Suddenly, she smiled. The gift began to make sense. The "DO" box offered varieties of expression she might never have considered, but which could bring color and flavor to her story and help define her characters. Even the disappointing "DON'T" box sharpened her awareness of the important role played by writing mechanics in the overall effectiveness of her work. No matter how exciting a story might be, poor mechanics can ruin it for a reader and potentially cost her a fan who won't be buying her next book.

Editor Linda Lane has returned to her first love—writing—while maintaining her editing work. Her novels fall into the literary category because they are character driven rather than plot driven, but their quick pace reminds the reader of genre fiction. They also contain elements of romance, mystery, and romance. You can contact her at websites: LSLaneBooks.com and DenverEditor.com.

12 comments :

  1. Linda, I love this post. There is wisdom and inspiration for all writers within and I so enjoyed the clever way you put your advice forward.

    ReplyDelete
    Replies
    1. Recently, someone came to me, hoping for encouragement to write a book and start a new career. After commending the potential writer for wanting to embark on such a major project, I began with a reality check about some of what's needed front to get started. Glad you like the presentation, Pat. I was in story mode, working on my book, and decided to use it rather than slip out and try to refocus later.

      Delete
  2. Your post goes so well with my upcoming challenge for blocked writers: focus on writing something that breaks all the rules. When I did that, I had fun and learned again why those rules are important to good writing.

    ReplyDelete
  3. It's great when we can coordinate, however inadvertently, with others to help writers along in their journey toward creating a well-written story. I'm looking forward to reading your post. :-)

    ReplyDelete
  4. This is a terrific post, Linda, and such a wonderful reminder to all of us about some of the basics of writing. I think we all need those reminders no matter what stage of the game we are at.

    ReplyDelete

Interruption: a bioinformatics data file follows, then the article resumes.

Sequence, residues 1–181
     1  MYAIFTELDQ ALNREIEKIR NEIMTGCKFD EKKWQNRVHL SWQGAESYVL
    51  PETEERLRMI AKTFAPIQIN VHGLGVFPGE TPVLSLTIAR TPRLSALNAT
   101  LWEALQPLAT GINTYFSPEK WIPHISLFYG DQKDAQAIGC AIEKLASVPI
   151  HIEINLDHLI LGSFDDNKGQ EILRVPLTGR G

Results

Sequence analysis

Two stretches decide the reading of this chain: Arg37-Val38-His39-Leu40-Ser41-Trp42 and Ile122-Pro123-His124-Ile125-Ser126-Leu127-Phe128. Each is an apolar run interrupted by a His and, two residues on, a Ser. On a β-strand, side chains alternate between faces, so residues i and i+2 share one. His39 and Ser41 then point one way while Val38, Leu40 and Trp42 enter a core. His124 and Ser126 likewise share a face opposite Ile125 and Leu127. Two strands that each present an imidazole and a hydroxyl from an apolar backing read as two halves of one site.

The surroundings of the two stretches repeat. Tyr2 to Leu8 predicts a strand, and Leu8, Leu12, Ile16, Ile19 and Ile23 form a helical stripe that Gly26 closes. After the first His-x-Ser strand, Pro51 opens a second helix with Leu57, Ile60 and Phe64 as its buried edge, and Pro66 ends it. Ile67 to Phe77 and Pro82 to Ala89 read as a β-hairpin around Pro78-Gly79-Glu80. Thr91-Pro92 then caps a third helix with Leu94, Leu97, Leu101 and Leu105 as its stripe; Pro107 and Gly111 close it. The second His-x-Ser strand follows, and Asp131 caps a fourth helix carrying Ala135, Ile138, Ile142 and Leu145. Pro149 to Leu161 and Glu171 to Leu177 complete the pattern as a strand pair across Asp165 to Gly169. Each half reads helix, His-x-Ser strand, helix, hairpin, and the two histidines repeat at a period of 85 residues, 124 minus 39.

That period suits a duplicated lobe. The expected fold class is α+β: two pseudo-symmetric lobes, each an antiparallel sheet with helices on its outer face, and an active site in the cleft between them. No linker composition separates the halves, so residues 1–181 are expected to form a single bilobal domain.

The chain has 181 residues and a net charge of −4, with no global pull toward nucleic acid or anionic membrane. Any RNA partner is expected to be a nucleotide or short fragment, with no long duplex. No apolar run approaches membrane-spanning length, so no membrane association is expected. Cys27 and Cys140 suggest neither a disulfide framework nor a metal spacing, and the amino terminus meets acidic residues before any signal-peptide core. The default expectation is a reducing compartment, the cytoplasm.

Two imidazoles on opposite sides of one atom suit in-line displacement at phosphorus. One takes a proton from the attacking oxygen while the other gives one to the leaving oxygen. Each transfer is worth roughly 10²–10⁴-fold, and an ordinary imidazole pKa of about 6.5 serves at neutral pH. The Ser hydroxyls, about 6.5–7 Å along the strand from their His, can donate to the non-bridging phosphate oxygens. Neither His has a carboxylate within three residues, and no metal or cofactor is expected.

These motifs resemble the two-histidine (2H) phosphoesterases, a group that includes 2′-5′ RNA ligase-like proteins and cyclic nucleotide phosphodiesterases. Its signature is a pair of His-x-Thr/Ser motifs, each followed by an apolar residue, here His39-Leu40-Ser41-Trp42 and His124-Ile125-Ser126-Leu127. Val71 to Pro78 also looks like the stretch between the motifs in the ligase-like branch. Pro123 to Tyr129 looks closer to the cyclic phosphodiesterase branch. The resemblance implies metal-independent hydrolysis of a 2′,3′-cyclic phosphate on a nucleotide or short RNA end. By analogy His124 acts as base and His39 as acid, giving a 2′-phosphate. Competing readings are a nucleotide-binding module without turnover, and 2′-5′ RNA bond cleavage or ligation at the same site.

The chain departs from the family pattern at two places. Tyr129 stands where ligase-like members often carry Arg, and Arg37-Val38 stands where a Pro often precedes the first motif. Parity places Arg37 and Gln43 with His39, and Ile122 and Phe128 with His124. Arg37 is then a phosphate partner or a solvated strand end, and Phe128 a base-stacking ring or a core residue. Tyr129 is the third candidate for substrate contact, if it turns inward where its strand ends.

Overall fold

Replies
    1. It's easy (and convenient) to get in a rut with our writing. I've noticed this trend in a number of authors who've been well-known for years and sold thousands (or millions) of books. Their later works often don't measure up to the earlier ones when they were honing their craft. Keeping our writing fresh and interesting can be a challenge.

      Delete
  5. There are so many exciting rhetorical devices to work with. The best writers not only tell a good story, they master the construction of sentences and paragraphs.

    ReplyDelete
    Replies
    1. Absolutely, Diana. Great construction makes a good story sing.

      Delete
  6. Excellent, Linda. This really makes you think!

    ReplyDelete
  7. Great post, Linda. Actually, if it weren't for not using singular verbs with plural subjects and not to forget proper punctuation, I thought the Do box might contain a few of the same rules. I use fragments, and I think a lot of writers do. I've also used run-on sentences to make a point about something. So some rules need to be broken if the situation fits. I do love all the DOs. They remind me to write more colorfully and expressively. Oops, not too many adverbs, Polly. :-)

    ReplyDelete
    Replies
    1. One of the advantages of knowing the rules (and showing readers we know them through our writing in general) is that we can break them with impunity. I use fragments in conversation and internal dialogue because people don't necessarily think or speak in complete sentences. Run-ons are trickier, but they can be very effective in the hands of a savvy writer.

      Delete

The Blood-Red Pencil is a blog focusing on editing and writing advice. Some of our contributors are editors, some are authors, and some are writing sheep. Yes, sheep.